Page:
Later Wednesday, Rounds released a statement on the deal: “The ‘phase one’ deal signed today is great news for South Dakota farmers, ranchers and manufacturers. Under this agreement, China has agreed to purchase at least $40 billion of our agricultural products. This will provide some much-needed relief to our farmers and ranchers who have been at the tip of the spear throughout the trade negotiations by reestablishing markets for them to sell their products. We still have more to do to make sure China lives up to its obligations, and phase one is the first step in that process. I thank President Trump for his efforts to make sure our farmers, ranchers and manufacturers are getting a fair deal.”

Gov. Kristi Noem quickly shifted gears from giving the State of the State address on Tuesday at the state Capitol in Pierre to jetting out to the nation’s Capitol to witness Trump’s trade deal get inked.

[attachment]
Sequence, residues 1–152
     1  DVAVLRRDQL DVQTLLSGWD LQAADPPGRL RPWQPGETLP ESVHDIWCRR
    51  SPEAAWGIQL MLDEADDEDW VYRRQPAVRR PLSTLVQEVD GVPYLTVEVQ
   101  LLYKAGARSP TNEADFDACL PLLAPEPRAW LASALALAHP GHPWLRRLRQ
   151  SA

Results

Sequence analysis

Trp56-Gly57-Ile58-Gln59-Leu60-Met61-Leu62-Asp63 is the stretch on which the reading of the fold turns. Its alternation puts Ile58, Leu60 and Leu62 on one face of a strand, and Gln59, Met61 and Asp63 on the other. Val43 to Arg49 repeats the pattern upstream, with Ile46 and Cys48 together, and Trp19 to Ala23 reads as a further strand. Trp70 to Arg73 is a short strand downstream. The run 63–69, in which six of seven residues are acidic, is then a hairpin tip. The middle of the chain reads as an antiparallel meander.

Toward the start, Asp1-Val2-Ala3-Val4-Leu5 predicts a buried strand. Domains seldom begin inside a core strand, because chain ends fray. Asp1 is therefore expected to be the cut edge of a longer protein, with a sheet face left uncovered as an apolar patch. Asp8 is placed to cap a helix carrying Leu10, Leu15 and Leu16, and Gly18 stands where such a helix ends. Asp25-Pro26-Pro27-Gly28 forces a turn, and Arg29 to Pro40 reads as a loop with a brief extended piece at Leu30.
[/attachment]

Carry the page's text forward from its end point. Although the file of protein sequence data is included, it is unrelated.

“I arrived at the White House today with a couple of friends from SD,” she tweeted. “Jerry Schmitz, a soybean producer, and Craig Andersen, a pork producer. They joined me here to be with (President Trump) as he signed the phase one trade agreement with China! A BIG win for SD producers! The agreement (he) locked in today is an incredible economic victory for South Dakota producers. This historic deal opens up new markets and advances opportunities for farmers and ranchers to do what they do best: feed the world.”

China has been the main overseas customer for South Dakota’s corn, soybeans and meat, especially pork, so the past two years of trade fights has been blamed by many farmers for depressing the prices they have received.